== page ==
From the observed to the unobserved: David Hume The Problem of Induction.
According to Hume, this style of reasoning is logically valid. Logically valid inferences state that if the premises are true then the conclusions must be true. Or better yet, if you accept the premises, you must accept the conclusions. There is no way for the premises to be true and the conclusions to be false. However, this is not really the case because using a priori reasoning does not prove inductive inferences is logically valid. It is not the case that the premises can be true and the conclusions false, while maintaining the premises truth validity. This is one style of reasoning used in Hume’s fork with the other being experimental reasoning. The problem with experimental reasoning is that it is not logically valid. It is not logically valid because we have no reason to believe that the conclusions we attempt to make based on the empirical data bring us any closer to bridging the gap between the observed and the unobserved.
It was David Hume that brought forth the problem of induction. Due to his profound critique, philosophers have argued the subject of induction for centuries. Considering the fact that our experiences of the world cannot confirm or disprove general or universal claims, but only particular facts. For this reason, empiricism requires a method to change from knowledge of a specific group of objects, to knowledge of global and general connection. Such a procedure is called induction. However, the problem with induction is that logic cannot guarantee our inductions and assuming that something will happen because it has happened in the past is reasoning that lack of foundations. In this paper I will support Hume’s theory by describing the styles of inductive reasoning and causal generalization. Also, I will develop the skeptical solution that Hume determined to the problem.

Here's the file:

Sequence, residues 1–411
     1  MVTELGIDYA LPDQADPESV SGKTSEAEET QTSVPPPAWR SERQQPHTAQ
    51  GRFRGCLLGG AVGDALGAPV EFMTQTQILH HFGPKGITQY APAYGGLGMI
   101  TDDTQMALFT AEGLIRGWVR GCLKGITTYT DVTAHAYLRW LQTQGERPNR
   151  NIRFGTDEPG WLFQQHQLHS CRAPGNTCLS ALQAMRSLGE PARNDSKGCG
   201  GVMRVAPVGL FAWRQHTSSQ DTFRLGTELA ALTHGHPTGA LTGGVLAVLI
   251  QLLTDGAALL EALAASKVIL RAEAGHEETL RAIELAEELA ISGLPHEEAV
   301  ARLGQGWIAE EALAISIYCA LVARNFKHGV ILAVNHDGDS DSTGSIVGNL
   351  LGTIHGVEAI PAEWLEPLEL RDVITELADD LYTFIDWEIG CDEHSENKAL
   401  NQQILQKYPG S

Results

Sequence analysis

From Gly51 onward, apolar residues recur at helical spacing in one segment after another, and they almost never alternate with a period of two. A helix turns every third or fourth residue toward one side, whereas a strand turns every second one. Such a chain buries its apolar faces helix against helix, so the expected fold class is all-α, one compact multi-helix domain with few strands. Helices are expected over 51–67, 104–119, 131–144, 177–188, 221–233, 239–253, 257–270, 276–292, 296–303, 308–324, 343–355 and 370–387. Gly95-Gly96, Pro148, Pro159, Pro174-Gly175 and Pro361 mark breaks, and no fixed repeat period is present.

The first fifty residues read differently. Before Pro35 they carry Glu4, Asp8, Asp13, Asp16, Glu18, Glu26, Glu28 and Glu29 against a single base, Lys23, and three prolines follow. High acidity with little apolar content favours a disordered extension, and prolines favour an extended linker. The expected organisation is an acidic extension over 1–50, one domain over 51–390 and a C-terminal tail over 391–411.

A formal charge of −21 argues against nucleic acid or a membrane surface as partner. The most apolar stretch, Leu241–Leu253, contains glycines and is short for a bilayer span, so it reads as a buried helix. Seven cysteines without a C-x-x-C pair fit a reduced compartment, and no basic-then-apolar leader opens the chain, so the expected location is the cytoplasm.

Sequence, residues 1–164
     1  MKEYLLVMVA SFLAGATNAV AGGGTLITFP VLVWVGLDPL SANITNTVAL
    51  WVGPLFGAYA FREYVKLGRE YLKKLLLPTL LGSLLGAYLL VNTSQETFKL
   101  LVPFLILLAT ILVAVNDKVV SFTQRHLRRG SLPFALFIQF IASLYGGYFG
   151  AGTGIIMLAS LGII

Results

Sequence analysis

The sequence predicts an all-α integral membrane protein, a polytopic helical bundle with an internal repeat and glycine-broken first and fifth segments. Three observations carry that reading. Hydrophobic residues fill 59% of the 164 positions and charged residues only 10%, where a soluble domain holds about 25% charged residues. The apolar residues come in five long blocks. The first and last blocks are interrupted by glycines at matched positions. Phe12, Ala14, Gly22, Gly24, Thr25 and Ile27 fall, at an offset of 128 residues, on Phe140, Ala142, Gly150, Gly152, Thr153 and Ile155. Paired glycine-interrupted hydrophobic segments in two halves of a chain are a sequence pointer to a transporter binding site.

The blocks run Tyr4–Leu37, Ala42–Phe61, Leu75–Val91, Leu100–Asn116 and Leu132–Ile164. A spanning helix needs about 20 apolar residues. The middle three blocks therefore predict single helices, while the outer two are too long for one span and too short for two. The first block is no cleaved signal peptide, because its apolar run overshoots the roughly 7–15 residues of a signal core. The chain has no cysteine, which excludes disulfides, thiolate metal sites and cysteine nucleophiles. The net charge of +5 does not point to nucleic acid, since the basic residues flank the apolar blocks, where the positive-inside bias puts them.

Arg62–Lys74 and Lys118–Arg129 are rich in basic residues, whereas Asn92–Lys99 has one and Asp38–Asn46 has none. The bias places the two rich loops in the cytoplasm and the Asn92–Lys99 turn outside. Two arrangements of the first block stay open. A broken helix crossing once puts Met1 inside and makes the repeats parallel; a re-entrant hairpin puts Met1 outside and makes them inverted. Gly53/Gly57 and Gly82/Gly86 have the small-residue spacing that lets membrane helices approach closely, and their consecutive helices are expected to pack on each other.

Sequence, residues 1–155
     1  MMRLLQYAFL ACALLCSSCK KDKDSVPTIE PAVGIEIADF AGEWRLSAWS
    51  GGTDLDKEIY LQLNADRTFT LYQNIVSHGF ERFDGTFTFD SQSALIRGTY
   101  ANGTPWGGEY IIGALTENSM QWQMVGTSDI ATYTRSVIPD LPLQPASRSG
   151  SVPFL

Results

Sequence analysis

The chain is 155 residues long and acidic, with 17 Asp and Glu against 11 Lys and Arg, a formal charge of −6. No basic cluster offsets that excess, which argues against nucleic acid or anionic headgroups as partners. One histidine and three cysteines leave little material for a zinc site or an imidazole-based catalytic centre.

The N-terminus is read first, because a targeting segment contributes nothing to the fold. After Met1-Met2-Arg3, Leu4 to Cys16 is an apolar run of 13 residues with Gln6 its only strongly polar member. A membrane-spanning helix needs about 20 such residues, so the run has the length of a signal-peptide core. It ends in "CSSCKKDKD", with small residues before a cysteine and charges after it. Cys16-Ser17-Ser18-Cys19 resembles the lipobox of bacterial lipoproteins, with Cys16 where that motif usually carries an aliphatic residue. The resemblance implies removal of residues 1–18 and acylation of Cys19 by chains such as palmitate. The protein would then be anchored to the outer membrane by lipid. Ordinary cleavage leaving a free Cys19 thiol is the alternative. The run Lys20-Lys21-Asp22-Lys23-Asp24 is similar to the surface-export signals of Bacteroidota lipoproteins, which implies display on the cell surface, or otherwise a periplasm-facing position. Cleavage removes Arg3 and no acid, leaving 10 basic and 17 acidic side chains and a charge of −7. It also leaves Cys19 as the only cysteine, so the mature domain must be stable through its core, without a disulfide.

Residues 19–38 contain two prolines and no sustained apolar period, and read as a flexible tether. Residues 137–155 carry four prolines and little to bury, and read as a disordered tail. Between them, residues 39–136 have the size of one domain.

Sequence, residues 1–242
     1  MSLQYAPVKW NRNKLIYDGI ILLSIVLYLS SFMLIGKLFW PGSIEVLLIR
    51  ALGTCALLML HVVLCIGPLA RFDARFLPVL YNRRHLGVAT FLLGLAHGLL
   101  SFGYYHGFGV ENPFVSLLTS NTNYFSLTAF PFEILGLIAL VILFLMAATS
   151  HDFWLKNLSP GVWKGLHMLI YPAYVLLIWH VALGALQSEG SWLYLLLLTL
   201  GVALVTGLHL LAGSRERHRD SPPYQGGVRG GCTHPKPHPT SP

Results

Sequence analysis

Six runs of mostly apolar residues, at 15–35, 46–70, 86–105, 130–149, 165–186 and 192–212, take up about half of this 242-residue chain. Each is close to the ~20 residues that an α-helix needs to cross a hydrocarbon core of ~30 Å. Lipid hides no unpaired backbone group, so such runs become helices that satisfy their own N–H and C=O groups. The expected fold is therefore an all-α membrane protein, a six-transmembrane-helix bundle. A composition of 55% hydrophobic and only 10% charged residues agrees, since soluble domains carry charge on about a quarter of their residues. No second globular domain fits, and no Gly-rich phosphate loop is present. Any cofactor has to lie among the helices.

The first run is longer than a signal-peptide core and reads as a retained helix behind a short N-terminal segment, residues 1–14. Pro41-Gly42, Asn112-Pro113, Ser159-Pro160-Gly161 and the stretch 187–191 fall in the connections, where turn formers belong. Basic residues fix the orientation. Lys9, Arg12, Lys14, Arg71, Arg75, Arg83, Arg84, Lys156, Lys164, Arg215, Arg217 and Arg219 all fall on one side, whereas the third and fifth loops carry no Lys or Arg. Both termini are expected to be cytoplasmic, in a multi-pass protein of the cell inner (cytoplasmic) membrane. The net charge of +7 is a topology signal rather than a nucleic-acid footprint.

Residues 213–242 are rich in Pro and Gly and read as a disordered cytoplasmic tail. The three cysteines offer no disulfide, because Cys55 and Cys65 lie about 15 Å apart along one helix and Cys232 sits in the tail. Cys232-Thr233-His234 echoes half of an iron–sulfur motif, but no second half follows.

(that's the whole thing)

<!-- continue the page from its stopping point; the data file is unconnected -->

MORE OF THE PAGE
The first style of reasoning is inductive generalization. It is a previous reasoning, implying knowledge obtained independent or prior to experience. We deduce that all the members of a specific class will be similar or the same to those we have observed. “We all believe that we have knowledge of facts extending far beyond those we directly perceive. (Perry, John, Michael Bratman, and John M. Fischer, p.217).” To illustrate, if we want to know if a particular sunflower is yellow we can take a look to that specific sunflower. However,...